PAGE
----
dementia in the house

a few years before he died, he lost his mind. not just his sanity, but his entire fucking mind, with all the abilities and functions it once possessed. not the best way to go if you asked me and certainly not the best way to spend the last years of your life. sometimes i catch myself wondering when he really left us, on when he really died. was it the moment that his heart stopped beating or was it that instance when the last of his thoughts faded away and he became a mere symbol of what has been, not much different to tombstones, urns, and monuments (albeit a walking and breathing one)?

looking back, no one really knows how it started. some say it began with the flaring of temper, others say the shuffling of papers ushered it, while still others believe it started during his season of drought when he stopped taking a bath and his skin dried up. but come to think of it, when one already knows the ending, is it really important to figure out how it began? all we really have to know is that its not an easy journey the moment it started and it gets worse towards the end. like a storm setting up the stage for a major catastrophe with darkening clouds and powerful winds, he started the tragedy with small inconsequential, irritating, but still bearable idiosyncrasies. he started becoming obsessed with locking doors, gates, and drawers, accumulating papers and documents folded numerous times in his pockets, slamming unlocked doors, and folding and unfolding his clothes in the cabinet.

no one of course paid attention to these things. we all lock doors, fold papers, and arrange our clothes. there was nothing beyond normal about it at that time. until the shouting began. he shouted at everyone: his kids, his wife, his mother. and that’s when we began to suspect that something is happening that should not be happening. but before we know it, the tragedy is upon us and there is nothing we can do but sit back and watch as the painful story unfolds.

as his weird habits start gaining momentum, occupying his hours and filling up his days, his memories are slowly being shoved out of the way. again, no one knows for sure which memory was the first to go, but everyone is certain that the first ones to be hauled off into oblivion are those memories that matter: the name of his mother, his siblings, his kids, their anniversary as a couple, her birthday, his years of growing up, his friends. He would come across his mother and not know who she is, he will smile at his kids but could not remember their names, and he would sit beside his wife but did not know when, how, and why he love her.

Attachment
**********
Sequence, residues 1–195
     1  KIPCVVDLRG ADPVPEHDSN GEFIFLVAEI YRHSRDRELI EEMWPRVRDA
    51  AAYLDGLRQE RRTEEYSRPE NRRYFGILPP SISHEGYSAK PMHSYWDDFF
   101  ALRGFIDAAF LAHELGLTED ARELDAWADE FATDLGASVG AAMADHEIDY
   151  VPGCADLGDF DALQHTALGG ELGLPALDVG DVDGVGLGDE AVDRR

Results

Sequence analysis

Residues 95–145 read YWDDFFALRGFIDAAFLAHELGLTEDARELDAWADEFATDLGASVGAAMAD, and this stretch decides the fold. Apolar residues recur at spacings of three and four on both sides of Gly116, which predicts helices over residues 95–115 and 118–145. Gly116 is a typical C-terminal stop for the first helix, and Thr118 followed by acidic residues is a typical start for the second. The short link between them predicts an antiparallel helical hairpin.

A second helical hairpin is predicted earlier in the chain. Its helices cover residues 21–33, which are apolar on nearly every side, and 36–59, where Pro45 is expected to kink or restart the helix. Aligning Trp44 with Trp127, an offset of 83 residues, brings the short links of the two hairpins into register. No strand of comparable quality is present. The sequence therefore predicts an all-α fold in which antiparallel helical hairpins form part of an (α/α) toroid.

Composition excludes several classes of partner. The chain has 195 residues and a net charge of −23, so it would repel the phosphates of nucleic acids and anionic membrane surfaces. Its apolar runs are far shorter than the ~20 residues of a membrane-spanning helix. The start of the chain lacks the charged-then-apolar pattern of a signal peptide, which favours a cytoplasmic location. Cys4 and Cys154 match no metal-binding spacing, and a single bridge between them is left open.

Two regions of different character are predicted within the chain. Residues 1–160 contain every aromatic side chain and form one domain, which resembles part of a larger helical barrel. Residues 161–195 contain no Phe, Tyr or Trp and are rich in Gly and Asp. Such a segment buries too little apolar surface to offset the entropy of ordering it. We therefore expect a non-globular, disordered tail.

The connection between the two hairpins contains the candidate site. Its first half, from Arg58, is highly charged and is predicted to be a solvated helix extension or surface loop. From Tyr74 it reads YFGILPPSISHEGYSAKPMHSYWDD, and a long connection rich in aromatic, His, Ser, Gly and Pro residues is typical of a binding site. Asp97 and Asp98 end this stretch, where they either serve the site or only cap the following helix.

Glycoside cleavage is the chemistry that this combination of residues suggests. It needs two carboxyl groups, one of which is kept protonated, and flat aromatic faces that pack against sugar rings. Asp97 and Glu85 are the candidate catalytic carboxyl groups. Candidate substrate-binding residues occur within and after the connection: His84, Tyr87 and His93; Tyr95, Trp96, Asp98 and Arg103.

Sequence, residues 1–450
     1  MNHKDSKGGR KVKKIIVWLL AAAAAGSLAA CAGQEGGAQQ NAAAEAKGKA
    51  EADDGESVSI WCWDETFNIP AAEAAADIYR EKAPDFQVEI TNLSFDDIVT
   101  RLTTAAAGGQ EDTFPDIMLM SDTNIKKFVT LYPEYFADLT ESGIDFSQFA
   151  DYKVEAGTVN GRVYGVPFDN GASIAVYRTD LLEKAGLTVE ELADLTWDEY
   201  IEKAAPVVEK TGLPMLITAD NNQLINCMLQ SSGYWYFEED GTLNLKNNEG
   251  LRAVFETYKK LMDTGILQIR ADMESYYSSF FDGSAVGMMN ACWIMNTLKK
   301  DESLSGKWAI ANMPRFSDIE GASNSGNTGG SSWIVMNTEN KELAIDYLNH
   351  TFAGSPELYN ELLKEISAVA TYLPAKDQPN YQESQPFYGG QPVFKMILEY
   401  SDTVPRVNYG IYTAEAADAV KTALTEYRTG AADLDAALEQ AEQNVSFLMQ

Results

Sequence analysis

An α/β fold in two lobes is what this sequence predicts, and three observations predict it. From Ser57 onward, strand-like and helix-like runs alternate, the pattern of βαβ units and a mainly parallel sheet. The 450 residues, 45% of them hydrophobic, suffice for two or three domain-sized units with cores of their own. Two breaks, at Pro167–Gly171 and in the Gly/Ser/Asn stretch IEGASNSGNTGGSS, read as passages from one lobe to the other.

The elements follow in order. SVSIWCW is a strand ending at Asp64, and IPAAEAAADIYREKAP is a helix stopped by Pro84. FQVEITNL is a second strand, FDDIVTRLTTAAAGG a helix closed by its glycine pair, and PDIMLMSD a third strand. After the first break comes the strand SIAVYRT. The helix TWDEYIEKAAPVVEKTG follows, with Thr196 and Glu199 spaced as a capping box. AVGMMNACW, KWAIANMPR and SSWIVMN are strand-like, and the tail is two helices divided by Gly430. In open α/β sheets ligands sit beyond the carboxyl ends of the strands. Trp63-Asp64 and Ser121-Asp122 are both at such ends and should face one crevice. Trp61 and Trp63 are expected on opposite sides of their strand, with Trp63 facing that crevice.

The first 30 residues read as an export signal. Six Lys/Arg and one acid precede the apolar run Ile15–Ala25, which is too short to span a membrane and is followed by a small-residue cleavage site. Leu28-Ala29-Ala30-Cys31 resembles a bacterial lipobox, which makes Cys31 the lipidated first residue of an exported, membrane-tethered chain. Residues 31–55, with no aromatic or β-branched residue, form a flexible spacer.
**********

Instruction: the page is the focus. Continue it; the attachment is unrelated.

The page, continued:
but those were just memories. things we do, bonds we make, relationships we build, so that someday when we get too old to do things, make bonds, build relationships, we have something to remember, something to help us get by while we sit on that rocking chair awaiting for the setting of the sun. there are much more vital things that a person can forget. things that i thought no one can forget until he did. one day he just forgot how to drive a car, forgot how to read, forgot how to use a remote control, forgot how to lock a door, forgot how to sit on the urinal to poop, forgot how to use a spoon and fork, and eventually, to our utter surprise, forgot how to chew. all he did remember was how to lie down.

at that time, whenever i see him from my bedroom window, i could not help but think: who are you now? now that there is nothing left to try to figure out? who are you who looks like a person but does not have the things that make a person a person? who are you and who are we in relation to you?

several years have already passed. his shell has finally left us. i did not know if there was grief or whether there was relief at that moment. it seems we have mourned for him way in advance, back when his memories have died. we prayed for his soul, we buried his body, we consoled the family. everything seems mechanical now. going through the steps to make a passing away official. he have of course died a long time ago, but still, we need to do these things to seal this long-playing tragedy. put an end to the story. and hopefully, like him, to forget.

4 Responses to “dementia in the house”

  1. i cried. it touched my heart…. nakarelate kasi me.. haaiz

  2. armedlittleboy Says:

    its really hard. hugs

  3. Very, very stirring.

    And beautifully written.

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